Alan Ebnother

Alan Ebnother
Recent Paintings |
A Few Blue Paintings

Published on the occasion of exhibition 08
and 17 in the room for Painting.
10.5 x 8 in. softcover; 72 pp.,
56 color reproductions
$34.00 + applicable tax and shipping, available from the gallery

Foreward by George Lawson

Interview with Brent Hallard

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Alan Ebnother: Recent Paintings
— foreward by George Lawson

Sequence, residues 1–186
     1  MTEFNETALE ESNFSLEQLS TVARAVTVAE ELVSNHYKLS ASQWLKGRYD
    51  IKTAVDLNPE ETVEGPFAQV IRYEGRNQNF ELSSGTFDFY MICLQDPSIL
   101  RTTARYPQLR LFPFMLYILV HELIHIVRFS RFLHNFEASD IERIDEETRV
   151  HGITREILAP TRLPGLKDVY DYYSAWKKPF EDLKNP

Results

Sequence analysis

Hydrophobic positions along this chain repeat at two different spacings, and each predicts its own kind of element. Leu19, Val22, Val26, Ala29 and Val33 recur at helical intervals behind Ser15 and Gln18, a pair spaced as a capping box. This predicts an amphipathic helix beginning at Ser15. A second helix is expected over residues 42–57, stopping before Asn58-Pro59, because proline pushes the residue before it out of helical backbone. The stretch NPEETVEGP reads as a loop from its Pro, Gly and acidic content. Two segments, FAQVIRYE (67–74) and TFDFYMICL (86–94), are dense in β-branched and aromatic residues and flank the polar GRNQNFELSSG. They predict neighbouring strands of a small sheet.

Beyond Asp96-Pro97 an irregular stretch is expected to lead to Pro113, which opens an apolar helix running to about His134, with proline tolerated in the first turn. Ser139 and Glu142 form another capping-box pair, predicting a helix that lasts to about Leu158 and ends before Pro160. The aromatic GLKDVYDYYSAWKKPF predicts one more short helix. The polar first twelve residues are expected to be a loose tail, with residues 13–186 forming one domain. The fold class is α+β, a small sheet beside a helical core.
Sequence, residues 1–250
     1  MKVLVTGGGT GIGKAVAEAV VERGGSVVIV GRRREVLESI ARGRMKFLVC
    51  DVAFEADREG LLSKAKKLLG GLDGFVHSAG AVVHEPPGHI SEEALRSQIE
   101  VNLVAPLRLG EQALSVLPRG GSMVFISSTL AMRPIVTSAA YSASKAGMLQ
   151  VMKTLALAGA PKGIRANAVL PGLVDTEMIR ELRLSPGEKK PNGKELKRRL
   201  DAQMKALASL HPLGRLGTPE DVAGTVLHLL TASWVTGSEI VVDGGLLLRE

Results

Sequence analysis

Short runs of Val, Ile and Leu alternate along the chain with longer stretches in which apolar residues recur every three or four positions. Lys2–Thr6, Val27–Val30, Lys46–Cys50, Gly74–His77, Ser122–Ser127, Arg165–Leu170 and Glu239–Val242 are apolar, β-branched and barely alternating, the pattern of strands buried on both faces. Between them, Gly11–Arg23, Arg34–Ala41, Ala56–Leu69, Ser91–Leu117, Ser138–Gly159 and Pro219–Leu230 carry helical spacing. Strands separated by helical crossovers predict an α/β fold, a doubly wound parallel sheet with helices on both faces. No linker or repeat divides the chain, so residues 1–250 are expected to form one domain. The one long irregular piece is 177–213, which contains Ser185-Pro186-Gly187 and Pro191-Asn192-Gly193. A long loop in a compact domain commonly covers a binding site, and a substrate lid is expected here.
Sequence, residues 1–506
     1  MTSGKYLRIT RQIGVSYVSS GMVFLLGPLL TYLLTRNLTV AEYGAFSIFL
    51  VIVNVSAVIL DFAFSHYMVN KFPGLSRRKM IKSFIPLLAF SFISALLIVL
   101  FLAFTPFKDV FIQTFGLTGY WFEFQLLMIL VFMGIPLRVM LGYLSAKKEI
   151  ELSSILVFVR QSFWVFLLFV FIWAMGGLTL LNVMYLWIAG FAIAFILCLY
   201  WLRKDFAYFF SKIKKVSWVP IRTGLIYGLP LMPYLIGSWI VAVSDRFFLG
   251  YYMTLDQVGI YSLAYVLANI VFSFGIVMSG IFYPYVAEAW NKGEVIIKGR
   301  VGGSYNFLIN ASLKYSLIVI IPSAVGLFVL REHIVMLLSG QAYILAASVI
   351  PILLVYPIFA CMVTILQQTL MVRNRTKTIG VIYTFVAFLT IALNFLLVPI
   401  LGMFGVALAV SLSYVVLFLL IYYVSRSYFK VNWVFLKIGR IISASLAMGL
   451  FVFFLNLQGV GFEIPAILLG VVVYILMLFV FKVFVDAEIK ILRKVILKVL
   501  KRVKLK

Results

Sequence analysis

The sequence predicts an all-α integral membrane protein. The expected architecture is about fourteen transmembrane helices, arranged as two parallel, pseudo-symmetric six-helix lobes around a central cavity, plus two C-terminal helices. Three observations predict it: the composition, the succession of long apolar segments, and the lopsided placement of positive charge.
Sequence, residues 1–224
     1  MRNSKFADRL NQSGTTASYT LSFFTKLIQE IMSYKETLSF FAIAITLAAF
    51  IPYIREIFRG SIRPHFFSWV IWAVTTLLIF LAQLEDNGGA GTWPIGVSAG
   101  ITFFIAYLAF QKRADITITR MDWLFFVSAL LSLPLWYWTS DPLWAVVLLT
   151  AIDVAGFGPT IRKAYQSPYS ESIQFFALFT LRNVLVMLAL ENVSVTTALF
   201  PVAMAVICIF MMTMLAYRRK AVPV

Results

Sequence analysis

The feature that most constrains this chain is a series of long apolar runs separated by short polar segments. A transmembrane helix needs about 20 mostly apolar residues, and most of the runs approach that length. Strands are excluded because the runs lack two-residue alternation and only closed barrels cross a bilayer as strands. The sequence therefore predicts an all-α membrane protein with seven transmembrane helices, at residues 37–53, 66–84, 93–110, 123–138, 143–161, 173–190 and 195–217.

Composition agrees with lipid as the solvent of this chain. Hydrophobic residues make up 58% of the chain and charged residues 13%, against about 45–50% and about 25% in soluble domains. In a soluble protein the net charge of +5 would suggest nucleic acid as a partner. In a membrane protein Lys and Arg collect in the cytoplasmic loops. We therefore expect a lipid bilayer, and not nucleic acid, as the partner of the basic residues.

Alan Ebnother makes paintings using closely hued colors, often one color over another contrasting ground, with dry pigments hand-ground in oil on linen canvases and on wooden panels. For many years Ebnother constrained himself to only green, though a surprising range of green, and recently has broadened his palette to a full range. His paintings initially assert themselves as pure color and then come into focus as gestured compositions full of incident and very physical marking. They are characterized by rich impasto, densely applied pigmentation and intuitive, athletic brush work. They are quirky and individualistic, and hang insistently on their own, yet they are created and exhibited within a broader contemporary context, one against which their social and aesthetic impact must be weighed.